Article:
The National Museum in Arandjelovac cherishes and exhibits numerous museum items of paleontological, archaeological, ethnological, historical and artistic interest which also serve as the testimonies of material and spiritual culture that had been developing in this part of Šumadija. In addition to the permanent exhibition revealing the story on past times of the town from the Stone Age until the 20th century, visitors have the opportunity to see an exhibition of marvelous achievements in the world of contemporary art ceramics.
A permanent exhibition called Millenniums has been available for visitors since March 2nd 2011. The exhibition travels through the millenniums when the municipalities of Arandjelovac and Topola were inhabited continually. The oldest exposed items tell the story about the life of a Neanderthal man. There are also some tools discovered in Risovača Cave. The steppes with the mammals that had been living here in the Middle Stone Age and pictures of the life of a Neanderthal man are available on the big plotters in the Museum. The central part of paleontological exhibition is reserved for the skeleton of a cave bear. Archaeological posts with the items from Starčevo and Vinča culture lead the visitors through the New Stone Age (VI and V millenium BC).
Visitors are able to see an eight thousand-year-old ceramic vessel, anthroporphic figurines, a 32-century-old ceramic vessel and many other items. The exhibition leads us through Copper, Bronze and Iron Age. There are also items that were discovered in the Celtic necropolises which certify on permanent Celtic settlement of today’s inner Serbia. Ancient culture displays Roman pillars and a Stone lion from that period. In the vicinity of Arandjelovac and Topola, there are 26 registered localities from the late antique period and most of them are the remains of Roman rural villas.
One part of the exhibition is reserved for a lapidarium, a place where medieval gravestones and fragments of some medieval churches and monasteries have been exhibited. Among exhibited items, there is a monument dating back to XIV or XV century which indicates the existence of a Serbian aristocratic family the Živčić (brothers Mildrug, Dobruj and Plnoša). The text on the monument has been mostly interpreted saying that a perpetrator of double murder had been imposed with an unknown kind of punishment.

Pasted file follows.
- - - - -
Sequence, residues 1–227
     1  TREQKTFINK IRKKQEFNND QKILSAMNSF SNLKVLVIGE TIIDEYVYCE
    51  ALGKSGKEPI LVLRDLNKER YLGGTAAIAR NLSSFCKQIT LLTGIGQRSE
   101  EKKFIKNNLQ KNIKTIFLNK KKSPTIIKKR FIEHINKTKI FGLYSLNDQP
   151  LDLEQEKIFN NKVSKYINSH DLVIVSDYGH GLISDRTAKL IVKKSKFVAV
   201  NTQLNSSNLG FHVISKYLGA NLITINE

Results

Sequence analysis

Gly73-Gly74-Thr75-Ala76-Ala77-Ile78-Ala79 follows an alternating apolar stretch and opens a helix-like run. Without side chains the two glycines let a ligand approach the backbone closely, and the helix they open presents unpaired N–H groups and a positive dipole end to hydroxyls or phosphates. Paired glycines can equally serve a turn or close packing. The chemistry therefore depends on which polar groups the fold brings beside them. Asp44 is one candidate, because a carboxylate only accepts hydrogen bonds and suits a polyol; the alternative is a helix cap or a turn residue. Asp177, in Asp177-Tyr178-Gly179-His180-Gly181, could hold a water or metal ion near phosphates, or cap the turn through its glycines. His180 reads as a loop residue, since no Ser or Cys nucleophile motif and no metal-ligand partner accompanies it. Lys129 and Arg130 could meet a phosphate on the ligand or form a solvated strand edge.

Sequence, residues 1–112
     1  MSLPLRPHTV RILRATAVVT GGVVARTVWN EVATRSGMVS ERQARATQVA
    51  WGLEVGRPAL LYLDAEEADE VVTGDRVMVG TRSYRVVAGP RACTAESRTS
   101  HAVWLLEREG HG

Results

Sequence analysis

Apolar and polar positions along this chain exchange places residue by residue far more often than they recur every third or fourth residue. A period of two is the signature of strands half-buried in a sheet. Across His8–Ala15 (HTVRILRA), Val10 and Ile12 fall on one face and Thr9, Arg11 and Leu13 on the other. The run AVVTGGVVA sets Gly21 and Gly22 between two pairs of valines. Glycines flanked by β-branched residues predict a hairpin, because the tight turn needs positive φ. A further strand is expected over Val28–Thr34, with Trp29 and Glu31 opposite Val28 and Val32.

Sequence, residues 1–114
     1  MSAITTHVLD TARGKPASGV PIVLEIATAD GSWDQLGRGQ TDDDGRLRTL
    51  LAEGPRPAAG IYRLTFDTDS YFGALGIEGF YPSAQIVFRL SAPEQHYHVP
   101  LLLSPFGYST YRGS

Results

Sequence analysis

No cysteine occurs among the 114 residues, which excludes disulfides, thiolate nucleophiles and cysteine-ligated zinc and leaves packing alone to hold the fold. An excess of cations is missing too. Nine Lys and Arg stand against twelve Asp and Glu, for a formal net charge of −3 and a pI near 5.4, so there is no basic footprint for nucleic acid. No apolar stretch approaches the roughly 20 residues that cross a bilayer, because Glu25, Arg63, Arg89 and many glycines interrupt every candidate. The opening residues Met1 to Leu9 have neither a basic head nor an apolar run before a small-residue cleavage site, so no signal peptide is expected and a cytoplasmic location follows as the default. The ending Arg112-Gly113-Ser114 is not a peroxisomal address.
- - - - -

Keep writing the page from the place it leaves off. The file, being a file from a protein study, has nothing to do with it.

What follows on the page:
Recent history embraces both Serbian uprisings. There is an original shotgun that belonged to Tanasko Rajić as well as a forgotten ancient cannon (sr. prangija) that the rebels used to announce their victories. Visitors are privileged to see the World War I and II equipment of a Thessalonica and Austria-Hungarian soldier as well as a large number of shotguns and machine guns. During the wartime, a village life was running its course.
Ethnographic part of the exhibition displays a reconstructed fireplace, typical Šumadija constructions, objects used by farmers and cattle breeders and some items made by the use of the old crafts typical for our region, such as: making peasant shoes (sr. opančar), making leather items (sr. ćurčija) or traditional Serbian clothes and tailored man’s suits (sr. abadžijsko-terzijski). Recent history refers to the development of the town itself and Bukovička banja which celebrates a great anniversary – two centuries of the existence. Beside the photos of the old Arandjelovac and Bukovička Banja, visitors can also see a carriage driving licence, a glass from 1930s, a camera from 1931, skamija (en. an archaic word for an old school desk) and photos of famous local people. A lot of informative and descriptive general legends enable visitors to follow the exhibition on their own, but in need of professional guidance, there are also our curators and guides at disposal.
Additional educative and workshop program is in a preparation process and, hopefully, it will make the exhibition and the visits interactive and more interesting.
Retrospective exhibition of contemporary art ceramics
Retrospective ceramics items made at the symposium World of Ceramics as of 1974 on are available to be seen since January 21st in the National Museum in Arandjelovac, within the event Marble and Sounds (sr. Mermer i zvuci). The Museum has one of the most comprehensive art ceramics collections in Europe which consists of about 600 items. There are 54 artists who contributed to the establishement of contemporary art ceramics and its equality with other artistic disciplines in Serbian and Yugoslavian world of art.
At the same time, for this particular exhibition there have been selected some works by foreign renowned artists. Some of them are Merili Opperman (Brazil), Andre Viloks (Belgium), Federiko Bonaldi (Italy), Tadej Bratelj (Slovenia), Gamal Eldin Ahmed Abud (Egypt), Panduranga Daroz (India) and many others. Among domestic authors there are: Mirjana Isaković, Mirko Orlandini, Velimir Vukićević, Tijana Dujović, Ana Popov and some younger artists such as Biljana Lane Rakanović, Larisa Ackov, Ivana Rackov and many others.